A small town outside Kansas City last week made good on its threat to initiate condemnation proceedings against the town's only hospital.
The Board of Aldermen of Smithville, Mo., voted to condemn the property under eminent domain so it can be leased to another nearby hospital. In July the town had warned the hospital's owner, St. Luke's Health System of Kansas City, to restart acute-care and emergency services-or else.
"We are shocked and saddened at this legal action by the city of Smithville," St. Luke's said in a written statement. "This action is a threat to our mission, patients and employees and we will vigorously oppose it."
The facility, once known as Spelman Memorial Hospital, was merged into St. Luke's in 1992. In March 1995, St. Luke's shut down emergency and acute care at Spelman, saying it had too few patients and was losing too much money. The system turned the building into a skilled-nursing and rehabilitation center. Town residents have been fighting St. Luke's ever since.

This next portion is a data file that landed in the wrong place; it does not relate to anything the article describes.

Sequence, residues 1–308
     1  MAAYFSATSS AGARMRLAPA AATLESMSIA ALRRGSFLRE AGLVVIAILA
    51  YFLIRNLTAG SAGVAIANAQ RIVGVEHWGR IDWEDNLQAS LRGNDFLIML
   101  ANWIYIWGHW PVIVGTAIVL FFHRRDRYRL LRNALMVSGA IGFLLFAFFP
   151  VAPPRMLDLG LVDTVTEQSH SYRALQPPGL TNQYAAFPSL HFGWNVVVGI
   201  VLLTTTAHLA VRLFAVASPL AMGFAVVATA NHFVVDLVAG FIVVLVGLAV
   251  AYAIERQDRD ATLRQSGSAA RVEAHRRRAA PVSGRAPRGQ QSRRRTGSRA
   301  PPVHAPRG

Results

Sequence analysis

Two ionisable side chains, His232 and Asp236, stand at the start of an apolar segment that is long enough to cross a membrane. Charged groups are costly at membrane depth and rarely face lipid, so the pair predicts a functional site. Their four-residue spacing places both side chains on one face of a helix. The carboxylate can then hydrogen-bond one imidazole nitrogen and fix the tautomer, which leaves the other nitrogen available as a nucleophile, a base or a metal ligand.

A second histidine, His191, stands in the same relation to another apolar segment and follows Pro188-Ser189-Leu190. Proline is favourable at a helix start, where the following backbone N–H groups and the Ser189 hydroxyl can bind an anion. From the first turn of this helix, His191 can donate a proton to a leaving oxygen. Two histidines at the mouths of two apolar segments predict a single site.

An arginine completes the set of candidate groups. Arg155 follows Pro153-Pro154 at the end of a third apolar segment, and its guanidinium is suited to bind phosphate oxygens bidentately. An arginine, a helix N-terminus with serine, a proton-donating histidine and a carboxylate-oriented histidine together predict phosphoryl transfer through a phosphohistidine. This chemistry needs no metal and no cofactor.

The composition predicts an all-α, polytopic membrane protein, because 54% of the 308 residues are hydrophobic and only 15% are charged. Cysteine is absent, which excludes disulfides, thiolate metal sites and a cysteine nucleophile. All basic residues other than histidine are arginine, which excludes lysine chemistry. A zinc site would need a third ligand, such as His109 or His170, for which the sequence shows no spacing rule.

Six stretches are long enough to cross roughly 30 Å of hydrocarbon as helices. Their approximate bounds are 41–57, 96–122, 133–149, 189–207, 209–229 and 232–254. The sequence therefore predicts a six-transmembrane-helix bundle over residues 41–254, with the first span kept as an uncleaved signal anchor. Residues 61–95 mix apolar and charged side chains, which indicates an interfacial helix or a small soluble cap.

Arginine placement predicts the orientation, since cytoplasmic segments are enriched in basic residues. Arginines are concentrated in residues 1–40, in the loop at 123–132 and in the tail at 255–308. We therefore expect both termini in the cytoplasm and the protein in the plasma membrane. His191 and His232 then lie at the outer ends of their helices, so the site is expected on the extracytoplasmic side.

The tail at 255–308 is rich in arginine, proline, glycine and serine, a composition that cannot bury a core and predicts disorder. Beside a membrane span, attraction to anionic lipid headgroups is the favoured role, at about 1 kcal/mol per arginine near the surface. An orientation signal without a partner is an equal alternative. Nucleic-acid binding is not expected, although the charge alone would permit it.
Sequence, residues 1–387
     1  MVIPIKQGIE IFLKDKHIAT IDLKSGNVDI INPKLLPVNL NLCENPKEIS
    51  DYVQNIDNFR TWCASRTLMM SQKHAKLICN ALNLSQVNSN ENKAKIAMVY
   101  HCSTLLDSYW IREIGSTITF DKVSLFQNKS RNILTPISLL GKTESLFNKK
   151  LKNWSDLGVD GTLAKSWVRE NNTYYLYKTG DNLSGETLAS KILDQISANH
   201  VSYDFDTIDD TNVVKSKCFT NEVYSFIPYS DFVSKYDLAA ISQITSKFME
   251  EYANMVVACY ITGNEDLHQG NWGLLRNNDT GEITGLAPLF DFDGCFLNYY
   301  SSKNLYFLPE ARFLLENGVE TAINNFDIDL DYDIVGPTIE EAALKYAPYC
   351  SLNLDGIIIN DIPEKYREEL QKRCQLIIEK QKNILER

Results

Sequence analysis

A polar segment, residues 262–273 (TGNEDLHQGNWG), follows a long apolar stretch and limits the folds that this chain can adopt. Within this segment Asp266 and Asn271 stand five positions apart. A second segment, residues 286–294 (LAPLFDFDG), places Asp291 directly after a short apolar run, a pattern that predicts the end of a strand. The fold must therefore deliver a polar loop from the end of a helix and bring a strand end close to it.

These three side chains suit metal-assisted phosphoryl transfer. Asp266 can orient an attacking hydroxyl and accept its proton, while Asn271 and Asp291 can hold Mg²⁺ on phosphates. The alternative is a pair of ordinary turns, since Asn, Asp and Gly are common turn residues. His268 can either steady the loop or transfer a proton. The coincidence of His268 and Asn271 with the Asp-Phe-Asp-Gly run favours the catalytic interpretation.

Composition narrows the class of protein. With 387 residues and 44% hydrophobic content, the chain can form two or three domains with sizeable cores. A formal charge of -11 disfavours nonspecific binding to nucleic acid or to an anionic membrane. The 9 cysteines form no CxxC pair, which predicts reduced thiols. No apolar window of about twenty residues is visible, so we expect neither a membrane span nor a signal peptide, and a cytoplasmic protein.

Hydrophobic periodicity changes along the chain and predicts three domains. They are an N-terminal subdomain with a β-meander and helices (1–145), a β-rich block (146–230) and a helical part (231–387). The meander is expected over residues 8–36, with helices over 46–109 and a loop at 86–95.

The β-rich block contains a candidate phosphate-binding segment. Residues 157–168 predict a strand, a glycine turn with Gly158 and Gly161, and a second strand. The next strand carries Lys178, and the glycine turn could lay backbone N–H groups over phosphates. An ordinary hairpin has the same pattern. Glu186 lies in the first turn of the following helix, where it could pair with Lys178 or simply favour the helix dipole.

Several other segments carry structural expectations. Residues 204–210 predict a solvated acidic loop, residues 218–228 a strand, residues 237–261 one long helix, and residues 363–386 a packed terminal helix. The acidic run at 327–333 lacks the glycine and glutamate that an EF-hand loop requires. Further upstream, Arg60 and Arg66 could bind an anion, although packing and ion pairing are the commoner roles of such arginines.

They found an ally in nearby North Kansas City Hospital, which offered to finance condemnation proceedings if the city would give it a lease to operate the facility, including acute and emergency services.
St. Luke's did not respond directly to Smithville's ultimatum but instead proposed a joint venture with North Kansas City to operate the facility. Under a joint venture, St. Luke's said, the hospital could regain viability because it could draw patients from managed-care plans affiliated with both partner hospitals.
But Smithville's aldermen weren't buying a joint venture, and neither was North Kansas City Hospital. North Kansas City viewed St. Luke's proposal as nothing more than an effort to split its losses with a longtime competitor.
"Providing emergency service and acute care in a hospital you already own doesn't require a joint venture," said Michael Payne, president of North Kansas City.
Mary Ball, spokeswoman for St. Luke's, said Smithville's action-a municipality condemning a hospital to lease it to another hospital company-was unprecedented. "Our research indicates that it's not been done," she said.